31 May2018
Easy Come Easy Go – Merrill’s New Compensation Plan May Prompt Its Advisors to Cut Their Losses and Run; INDUSTRY PERSPECTIVES FROM FRANK LaROSA

The well-publicized release of Merrill Lynch’s revamped advisor compensation plan has left the industry rumbling and Merrill advisors apprehensive. The goal touted by Merrill for the plan is to create cross-selling opportunity with Bank of America, increase new household client acquisition, and assist advisors in hitting their mid-year grid growth targets. The reality of the new plan; however, seems to be veering far from the outlined intent, at least from the advisors point of view.

First, the new compensation plan provides a 2-percentage point increase only to those advisors reaching the specified goal of two referrals to Bank of America – essentially limiting the potential for compensation bonuses that Merrill advisors have come to expect through previous year’s compensation plans. The new Merrill plan also brings with it a mandatory requirement of advisors securing accounts with $250,000 in new assets, taking away advisor flexibility in what types of new accounts they want to target for their business growth. Most importantly, the new Merrill plan is retroactive to the beginning of 2018 meaning advisors who don’t hit targets can have compensation they already received pulled back from future paychecks.

The motive of the Merrill Lynch compensation plan is confusing at best and downright foolhardy at worst. Under the plan’s structure, a top overall producer who does not hit new business growth goals would see a decrease in pay – never a good thing for morale. Additionally, the ‘must refer’ conditions create an environment where advisors may feel forced to put clients into products that might not be right for them to reach the company specified targets, which could result in a shockwave of dissatisfaction with both advisors and clients alike.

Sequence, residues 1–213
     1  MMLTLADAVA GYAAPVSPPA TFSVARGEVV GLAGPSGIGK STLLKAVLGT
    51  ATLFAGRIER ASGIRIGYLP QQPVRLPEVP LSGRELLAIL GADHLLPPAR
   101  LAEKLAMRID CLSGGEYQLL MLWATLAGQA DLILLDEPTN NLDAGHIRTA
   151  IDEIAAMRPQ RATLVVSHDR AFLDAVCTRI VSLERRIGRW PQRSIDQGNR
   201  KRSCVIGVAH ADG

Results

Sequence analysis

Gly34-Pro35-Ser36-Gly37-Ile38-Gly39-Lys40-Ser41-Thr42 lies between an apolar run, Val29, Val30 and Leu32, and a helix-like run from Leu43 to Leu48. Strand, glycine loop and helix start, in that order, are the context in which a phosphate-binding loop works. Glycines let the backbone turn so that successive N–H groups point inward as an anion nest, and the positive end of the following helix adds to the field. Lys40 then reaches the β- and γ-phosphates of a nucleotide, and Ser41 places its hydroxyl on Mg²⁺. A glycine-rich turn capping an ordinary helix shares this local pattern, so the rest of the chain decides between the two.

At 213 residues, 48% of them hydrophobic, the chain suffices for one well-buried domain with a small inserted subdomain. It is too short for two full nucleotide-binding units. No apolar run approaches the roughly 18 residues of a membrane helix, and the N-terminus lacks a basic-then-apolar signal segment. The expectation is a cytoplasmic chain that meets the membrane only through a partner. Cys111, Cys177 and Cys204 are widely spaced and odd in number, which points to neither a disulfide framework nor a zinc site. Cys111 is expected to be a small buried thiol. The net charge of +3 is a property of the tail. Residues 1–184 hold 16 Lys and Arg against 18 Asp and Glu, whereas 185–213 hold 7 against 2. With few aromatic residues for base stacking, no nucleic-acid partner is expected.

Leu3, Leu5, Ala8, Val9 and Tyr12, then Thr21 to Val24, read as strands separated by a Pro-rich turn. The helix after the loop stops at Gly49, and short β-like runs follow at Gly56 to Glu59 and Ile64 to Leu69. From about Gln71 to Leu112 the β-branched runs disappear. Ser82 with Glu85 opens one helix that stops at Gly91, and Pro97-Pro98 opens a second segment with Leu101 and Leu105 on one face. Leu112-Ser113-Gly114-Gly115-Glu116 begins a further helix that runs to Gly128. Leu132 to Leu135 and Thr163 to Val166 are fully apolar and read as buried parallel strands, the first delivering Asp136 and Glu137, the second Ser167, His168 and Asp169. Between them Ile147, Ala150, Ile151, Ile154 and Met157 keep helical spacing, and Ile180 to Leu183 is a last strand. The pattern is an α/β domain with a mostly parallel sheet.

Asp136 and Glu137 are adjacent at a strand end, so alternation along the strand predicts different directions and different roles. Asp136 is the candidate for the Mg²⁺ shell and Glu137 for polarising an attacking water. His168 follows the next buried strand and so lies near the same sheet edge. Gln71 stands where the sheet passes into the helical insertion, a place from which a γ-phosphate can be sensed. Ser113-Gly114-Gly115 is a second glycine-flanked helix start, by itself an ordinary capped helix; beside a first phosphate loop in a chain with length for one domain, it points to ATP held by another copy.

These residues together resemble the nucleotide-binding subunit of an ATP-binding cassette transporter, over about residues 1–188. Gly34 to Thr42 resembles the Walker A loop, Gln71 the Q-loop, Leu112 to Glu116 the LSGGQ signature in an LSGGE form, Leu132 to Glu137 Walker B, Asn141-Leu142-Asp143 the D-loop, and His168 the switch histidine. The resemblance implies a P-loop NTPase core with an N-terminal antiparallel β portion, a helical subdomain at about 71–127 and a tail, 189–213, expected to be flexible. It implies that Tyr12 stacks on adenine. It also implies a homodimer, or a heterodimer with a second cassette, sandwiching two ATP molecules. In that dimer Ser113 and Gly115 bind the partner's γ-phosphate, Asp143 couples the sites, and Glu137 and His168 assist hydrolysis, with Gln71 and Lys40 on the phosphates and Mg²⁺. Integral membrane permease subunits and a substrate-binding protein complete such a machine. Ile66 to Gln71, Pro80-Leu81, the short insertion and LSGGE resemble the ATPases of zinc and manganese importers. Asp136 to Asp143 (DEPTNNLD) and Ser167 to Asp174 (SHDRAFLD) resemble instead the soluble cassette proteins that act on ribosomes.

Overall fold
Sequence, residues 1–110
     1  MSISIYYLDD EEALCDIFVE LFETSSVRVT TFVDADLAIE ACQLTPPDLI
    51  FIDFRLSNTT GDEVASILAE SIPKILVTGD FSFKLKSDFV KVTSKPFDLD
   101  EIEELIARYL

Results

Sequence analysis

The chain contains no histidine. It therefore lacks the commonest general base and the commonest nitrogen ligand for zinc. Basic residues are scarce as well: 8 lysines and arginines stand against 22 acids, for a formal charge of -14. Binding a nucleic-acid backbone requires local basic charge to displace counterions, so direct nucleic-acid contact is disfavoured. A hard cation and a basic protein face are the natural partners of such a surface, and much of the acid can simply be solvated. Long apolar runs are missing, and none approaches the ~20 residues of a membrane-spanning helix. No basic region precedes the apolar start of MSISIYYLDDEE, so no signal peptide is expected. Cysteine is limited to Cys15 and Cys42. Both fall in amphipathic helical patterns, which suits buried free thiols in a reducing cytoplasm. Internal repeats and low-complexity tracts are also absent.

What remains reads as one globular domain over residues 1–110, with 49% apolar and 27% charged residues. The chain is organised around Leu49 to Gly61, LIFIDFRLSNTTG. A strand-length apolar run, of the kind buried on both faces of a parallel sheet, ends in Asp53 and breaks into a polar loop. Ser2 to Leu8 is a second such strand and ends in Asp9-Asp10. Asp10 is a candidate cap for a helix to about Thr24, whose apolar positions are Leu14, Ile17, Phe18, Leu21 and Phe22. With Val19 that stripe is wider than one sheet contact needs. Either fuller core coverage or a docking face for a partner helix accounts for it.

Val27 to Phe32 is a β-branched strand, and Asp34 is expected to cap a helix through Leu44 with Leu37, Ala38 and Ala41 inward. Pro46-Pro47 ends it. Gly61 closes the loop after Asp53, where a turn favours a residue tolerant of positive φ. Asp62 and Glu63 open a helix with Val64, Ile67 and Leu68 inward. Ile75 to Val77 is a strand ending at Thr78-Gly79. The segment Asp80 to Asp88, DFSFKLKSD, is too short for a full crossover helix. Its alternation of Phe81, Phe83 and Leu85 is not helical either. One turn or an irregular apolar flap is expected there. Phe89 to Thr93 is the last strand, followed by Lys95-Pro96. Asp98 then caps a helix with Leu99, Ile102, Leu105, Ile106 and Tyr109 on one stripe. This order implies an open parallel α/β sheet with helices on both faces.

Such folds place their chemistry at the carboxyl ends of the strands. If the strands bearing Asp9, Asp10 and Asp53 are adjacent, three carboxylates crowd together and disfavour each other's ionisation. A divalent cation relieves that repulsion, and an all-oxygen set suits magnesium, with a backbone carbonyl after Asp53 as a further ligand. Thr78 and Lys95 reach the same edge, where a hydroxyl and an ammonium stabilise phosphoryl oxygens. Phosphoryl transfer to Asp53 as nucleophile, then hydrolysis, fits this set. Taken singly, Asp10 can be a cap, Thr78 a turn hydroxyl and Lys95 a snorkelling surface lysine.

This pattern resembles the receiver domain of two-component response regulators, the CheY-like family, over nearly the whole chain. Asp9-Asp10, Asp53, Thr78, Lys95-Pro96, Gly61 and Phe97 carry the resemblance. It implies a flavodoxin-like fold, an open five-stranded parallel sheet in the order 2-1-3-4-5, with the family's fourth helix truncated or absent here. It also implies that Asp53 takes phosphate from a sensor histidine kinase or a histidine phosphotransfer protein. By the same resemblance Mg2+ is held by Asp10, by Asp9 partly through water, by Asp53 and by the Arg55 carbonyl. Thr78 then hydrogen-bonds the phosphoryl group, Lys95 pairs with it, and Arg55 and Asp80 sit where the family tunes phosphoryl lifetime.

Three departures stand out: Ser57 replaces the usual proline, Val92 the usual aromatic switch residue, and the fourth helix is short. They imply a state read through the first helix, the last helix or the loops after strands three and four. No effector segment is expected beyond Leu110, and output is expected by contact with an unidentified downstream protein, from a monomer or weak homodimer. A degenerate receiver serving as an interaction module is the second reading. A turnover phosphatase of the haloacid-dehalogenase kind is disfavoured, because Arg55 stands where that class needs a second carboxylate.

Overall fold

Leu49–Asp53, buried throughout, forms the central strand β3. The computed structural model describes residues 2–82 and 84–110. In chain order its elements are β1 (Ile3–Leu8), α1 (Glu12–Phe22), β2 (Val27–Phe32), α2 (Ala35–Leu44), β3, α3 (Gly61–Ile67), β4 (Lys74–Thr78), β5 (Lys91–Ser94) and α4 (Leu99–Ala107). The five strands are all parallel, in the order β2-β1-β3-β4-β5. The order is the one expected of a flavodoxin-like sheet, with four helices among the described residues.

Ultimately, it is in Merrill’s revenue where today’s compensation decision may result in tomorrow’s future pain. Advisor talent is a firm’s biggest asset. Decrease your top producers pay and you can expect them to head for the doors and look for greener pastures elsewhere. The temporary gains Merrill may see from increasing their high-income household clientele may turn into a rapid loss if their confusingly executed compensation plan picks the pockets of too many of their leading advisors.

Growing assets is good as we all know, and is a primary driving goal for creating business synergies through cross-selling.  At what cost though will those efforts come to Merrill? Only time will tell as we see how advisors react to the now you see it now you don’t impact the new Merrill compensation plan has on their paychecks.

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